Chicago Sun Times (06/25/2003), Big Mac Attack
Chicago Sun Times, June 25, 2003
Big Mac attack
BY Jeff Wisser Staff Reporter Advertisement
There are no rumours this time. And that's fine with Fleetwood Mac guitarist Lindsey Bucking-ham and fellow members of the band.
Of course, it wasn't always this way.
Down on its luck back in the mid-'70s following guitarist Bob Welch's departure, Mac charter members Mick Fleet-wood and John McVie and McVie's singer-pianist-songwriter wife, Chris-tine, enlisted the relatively obscure California duo of Buckingham and Stevie Nicks to join the band.
"Our managers were trying to get us on the steakhouse circuit," Buckingham says, laughing at the recollection of Buckingham-Nicks at the crossroads. "But we actually had some regional success. ... After weighing the pros and cons and the $200 a week they were offering us, we just opted to do it.
"We had no idea what to expect." No one could really imagine that they could.
After a bit of touring, they entered the studio to record "Fleetwood Mac," an album that would, over the next year and a half, become an overnight sensation, spawn hits including "Rhiannon," "Over My Head" and "Say You Love Me," and lead to astonishing stadium-rock success. And very publicly break up the McVie marriage as well as Buckingham and Nicks.
"We looked back on the success of the 'Fleetwood Mac' album, and, under most circumstances, most couples would have just said, 'Later,' " Buckingham said. "But this thing had become such a large thing, had taken on such a life of its own, that I had to go through this exercise in denial in terms of not really being over Stevie and having to do for her everyday and work for her everyday. That went on for years.
"We had to persevere on a professional level. But it was very difficult to persevere on a personal level. You had to sort of kill off parts of yourself; you had to categorize your feelings and wrap them up and put a little ribbon on them."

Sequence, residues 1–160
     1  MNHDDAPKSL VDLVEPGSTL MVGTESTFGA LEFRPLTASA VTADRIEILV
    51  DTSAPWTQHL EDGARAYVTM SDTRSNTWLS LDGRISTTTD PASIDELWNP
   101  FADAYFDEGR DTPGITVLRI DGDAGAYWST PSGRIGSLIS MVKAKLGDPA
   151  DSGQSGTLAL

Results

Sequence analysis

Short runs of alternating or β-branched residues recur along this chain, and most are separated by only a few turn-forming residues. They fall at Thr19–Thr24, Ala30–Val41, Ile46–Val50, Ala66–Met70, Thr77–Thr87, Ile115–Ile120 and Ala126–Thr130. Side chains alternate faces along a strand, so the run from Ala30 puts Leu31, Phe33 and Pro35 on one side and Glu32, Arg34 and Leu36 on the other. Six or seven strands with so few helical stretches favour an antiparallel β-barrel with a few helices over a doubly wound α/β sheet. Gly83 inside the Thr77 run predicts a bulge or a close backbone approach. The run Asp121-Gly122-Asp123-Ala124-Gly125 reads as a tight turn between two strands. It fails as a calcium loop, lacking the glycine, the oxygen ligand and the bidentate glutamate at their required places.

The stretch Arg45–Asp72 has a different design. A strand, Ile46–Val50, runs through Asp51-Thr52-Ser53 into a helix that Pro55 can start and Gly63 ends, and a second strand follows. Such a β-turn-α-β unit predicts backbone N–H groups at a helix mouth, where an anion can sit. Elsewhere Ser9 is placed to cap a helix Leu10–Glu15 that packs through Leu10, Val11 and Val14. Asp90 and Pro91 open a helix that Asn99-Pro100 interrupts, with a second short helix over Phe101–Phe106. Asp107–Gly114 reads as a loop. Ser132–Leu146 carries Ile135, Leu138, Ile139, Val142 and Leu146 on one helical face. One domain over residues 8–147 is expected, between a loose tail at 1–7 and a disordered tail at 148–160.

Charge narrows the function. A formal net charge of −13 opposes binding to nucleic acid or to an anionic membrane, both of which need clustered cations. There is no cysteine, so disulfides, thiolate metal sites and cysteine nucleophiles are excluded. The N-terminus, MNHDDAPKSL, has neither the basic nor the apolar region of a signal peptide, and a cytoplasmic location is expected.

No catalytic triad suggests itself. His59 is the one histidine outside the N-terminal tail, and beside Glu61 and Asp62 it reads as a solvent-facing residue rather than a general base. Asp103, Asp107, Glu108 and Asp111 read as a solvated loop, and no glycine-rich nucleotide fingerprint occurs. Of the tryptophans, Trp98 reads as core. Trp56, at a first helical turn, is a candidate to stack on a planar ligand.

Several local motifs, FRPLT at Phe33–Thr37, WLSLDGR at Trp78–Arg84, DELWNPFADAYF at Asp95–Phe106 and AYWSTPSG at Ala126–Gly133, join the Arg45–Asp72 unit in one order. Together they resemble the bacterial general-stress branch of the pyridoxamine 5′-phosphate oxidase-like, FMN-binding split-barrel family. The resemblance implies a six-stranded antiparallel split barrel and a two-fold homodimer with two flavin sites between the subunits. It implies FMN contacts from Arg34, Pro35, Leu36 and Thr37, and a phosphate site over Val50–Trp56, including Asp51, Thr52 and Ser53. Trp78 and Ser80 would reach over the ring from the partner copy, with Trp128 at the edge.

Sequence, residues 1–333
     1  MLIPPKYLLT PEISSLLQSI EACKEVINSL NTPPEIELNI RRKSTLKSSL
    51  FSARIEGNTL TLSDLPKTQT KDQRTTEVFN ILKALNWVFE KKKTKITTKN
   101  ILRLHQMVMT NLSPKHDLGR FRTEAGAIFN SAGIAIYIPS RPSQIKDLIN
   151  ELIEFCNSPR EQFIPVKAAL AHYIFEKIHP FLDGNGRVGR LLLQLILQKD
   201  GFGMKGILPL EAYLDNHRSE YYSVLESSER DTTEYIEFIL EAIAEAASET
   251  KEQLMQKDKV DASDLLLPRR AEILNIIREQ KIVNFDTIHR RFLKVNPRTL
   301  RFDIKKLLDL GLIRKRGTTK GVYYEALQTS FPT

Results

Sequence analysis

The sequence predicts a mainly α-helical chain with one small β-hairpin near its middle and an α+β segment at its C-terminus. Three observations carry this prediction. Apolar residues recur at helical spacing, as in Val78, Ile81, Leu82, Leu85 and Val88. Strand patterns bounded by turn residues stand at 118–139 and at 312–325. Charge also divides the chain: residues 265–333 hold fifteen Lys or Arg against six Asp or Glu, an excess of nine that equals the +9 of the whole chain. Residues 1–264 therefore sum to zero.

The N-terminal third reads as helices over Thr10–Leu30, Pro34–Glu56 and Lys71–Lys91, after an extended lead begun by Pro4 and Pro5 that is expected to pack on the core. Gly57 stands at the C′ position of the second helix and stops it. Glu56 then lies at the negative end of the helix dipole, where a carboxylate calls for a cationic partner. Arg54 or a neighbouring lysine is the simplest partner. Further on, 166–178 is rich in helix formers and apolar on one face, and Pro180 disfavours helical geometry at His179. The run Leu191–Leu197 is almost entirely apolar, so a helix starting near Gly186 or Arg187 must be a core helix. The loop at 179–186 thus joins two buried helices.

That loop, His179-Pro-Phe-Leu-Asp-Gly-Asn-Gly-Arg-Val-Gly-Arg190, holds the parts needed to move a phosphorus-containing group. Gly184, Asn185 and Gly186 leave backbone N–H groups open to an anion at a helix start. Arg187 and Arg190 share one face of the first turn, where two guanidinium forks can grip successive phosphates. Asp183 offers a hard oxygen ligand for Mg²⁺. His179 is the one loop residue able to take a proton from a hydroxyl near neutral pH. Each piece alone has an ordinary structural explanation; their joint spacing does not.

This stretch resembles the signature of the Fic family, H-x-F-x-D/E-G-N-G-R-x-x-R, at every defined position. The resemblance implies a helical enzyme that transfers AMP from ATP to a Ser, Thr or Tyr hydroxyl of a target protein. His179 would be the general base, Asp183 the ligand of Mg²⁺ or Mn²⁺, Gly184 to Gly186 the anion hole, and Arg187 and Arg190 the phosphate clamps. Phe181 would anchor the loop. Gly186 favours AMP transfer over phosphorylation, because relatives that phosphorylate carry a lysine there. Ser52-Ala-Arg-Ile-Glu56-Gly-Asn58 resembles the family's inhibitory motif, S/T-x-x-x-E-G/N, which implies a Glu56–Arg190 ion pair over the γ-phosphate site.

It didn't help that the band was being observed like some sort of sideshow attraction despite its stash of hits and considerable musical chops.
"There was a certain point of departure," Buckingham recalls, "beyond which the appeal really was about the musical soap opera, the subject matter of the songs, the fact that we were bringing out the voyeur in everyone."
Then came "Tusk." A double album on vinyl (now a single CD), the startlingly challenging disc would be a commercial disappointment after "Rumours." (What wouldn't after a 15 million seller?) But it would also serve as a sonic, emotional exorcism for studio wunderkind Buck-ingham, whose Brian Wilson-influenced touches dominated the record.
"If you're going to be famous, then you make 'Rumours II' and you slowly lose your honesty and you lose touch with the reason that you did this in the first place.
"It was such a jolt. I could never really imagine what would have happened if we had made an album that was trying to do exactly what 'Rumours' did. Because as much as you try to make something again, it's never going to be the same. It's never going to be as good, so why try. But there's this image in the business that if it works, run it into the ground. And I was just very wary of that.